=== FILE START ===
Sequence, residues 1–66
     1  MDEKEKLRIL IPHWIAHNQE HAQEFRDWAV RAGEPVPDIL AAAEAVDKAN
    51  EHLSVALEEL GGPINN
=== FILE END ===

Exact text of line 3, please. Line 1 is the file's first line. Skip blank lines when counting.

    51  EHLSVALEEL GGPINN